The eleventh draft of a proprietary document I spent weeks writing, locked under a legally-binding non-disclosure agreement, was 3,573 words. The twelfth draft was 3,676 words. Less than 10 people will ever have a need to read, or even skim through, that document. Once this gig’s up, it may reside somewhere for historical purposes, or it may be destroyed. I still took the same pride in placing my name to this document as anything I’ve written here. Why?
This document should help advance my career, even slightly so.
By giving the document respect, my employer will hopefully see my writing abilities, and guide me toward future roles involving more writing. While I can analyze, troubleshoot, and most anything really, they aren’t activities I actively enjoy. Getting paid to write and listen to the Melvins? What paradise!
Let’s broaden this out. How about the work we do that fails?
It’s similar. I’ve spent countless hours working on things that have ultimately broken down. It’s embarrassing when you’ve tested something and it earnestly works in your environment, only to bring it on-site with the customer and have it break or fail to meet their even casual expectations.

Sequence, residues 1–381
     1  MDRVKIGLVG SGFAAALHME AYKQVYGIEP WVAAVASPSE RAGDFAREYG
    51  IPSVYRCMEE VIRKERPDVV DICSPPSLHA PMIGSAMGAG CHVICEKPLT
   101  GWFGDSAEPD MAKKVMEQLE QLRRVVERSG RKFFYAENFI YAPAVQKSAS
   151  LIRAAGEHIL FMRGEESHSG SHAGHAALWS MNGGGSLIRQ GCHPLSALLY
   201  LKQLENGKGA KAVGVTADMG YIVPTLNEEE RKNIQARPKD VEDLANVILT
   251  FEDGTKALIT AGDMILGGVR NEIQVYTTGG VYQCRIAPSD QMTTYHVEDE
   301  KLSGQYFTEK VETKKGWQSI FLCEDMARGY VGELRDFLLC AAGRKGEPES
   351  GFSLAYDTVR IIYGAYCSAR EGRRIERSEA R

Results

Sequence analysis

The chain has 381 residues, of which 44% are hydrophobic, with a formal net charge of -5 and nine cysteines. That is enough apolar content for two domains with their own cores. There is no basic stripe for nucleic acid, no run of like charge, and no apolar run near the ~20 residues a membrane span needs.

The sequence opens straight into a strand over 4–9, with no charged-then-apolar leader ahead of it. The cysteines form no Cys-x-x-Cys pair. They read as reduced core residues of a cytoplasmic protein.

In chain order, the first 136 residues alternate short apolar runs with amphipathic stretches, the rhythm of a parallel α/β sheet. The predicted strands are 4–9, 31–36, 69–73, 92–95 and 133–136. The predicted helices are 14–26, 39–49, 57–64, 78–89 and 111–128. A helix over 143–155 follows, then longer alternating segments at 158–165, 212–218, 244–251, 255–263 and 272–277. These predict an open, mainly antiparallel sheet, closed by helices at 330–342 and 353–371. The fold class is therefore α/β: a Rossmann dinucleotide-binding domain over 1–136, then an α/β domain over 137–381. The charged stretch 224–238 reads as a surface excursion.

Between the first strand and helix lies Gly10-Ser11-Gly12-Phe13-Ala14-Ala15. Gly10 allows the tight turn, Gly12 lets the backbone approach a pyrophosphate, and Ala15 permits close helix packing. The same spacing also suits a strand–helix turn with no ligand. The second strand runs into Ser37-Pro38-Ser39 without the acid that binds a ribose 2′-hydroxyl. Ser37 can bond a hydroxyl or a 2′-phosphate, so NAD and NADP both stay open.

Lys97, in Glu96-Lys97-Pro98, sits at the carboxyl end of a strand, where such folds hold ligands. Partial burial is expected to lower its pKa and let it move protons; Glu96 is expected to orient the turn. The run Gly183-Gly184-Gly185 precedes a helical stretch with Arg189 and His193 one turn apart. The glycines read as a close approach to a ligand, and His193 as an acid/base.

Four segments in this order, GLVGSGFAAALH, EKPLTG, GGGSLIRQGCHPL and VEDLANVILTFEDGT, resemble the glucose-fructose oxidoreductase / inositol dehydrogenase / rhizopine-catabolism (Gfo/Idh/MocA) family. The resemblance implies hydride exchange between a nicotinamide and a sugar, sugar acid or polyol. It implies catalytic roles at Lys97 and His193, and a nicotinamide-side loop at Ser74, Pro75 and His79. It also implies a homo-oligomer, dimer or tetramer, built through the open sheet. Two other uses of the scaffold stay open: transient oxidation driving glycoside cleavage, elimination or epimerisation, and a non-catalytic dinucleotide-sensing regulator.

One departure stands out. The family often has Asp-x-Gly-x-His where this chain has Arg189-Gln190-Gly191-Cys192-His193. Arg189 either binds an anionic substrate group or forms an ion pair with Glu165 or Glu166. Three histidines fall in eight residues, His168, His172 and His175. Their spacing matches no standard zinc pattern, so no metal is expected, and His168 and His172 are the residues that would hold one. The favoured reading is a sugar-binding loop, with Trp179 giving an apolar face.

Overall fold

We should still be proud of our failures.
If I could brag for a paragraph, I’m above average at conducting professional technical support because of the number of times I’ve failed. I’ve considered writing a book for years outlining all the times I’ve screwed up on something. Some are just embarrassing. Through those mistakes, I learned.
In both examples, that work is invisible.
Though failures aren’t things we present to management, they are things we can carry with us to help us grow. Successfully completing a project does mean trying out new writing techniques like “narrative” consistency and editing techniques like redlining, though those are also anecdotal trivialities to management.
Our careers are probably, then, built on our efforts.
I wouldn’t have learned the nuances I had if someone else wrote it, including: I wouldn’t have figured out that speed metal like Running Wild makes for efficient documentation writing music. No wonder I like the combination in Symphony and Metallica enough for it to be my default writing soundtrack.
I’m fortunate for this gig in that regard.
I’m becoming more confident in telling other people that I’m a writer. Rowing is an easy topic to talk about without being overbearing and I may bring up other topics I’ll write about to others as a way to bounce ideas around. I’m even starting to open up about my plans for writing “The Story!”
So what if you put your effort into something that fails, doesn’t receive wide appeal, doesn’t have a long shelf-life, doesn’t immediately enable you to become richer, might cause you embarrassment, might easily become outdated, could have been done better by someone else, or eventually breaks down?
Did you improve from doing the work? If you did, then value that work!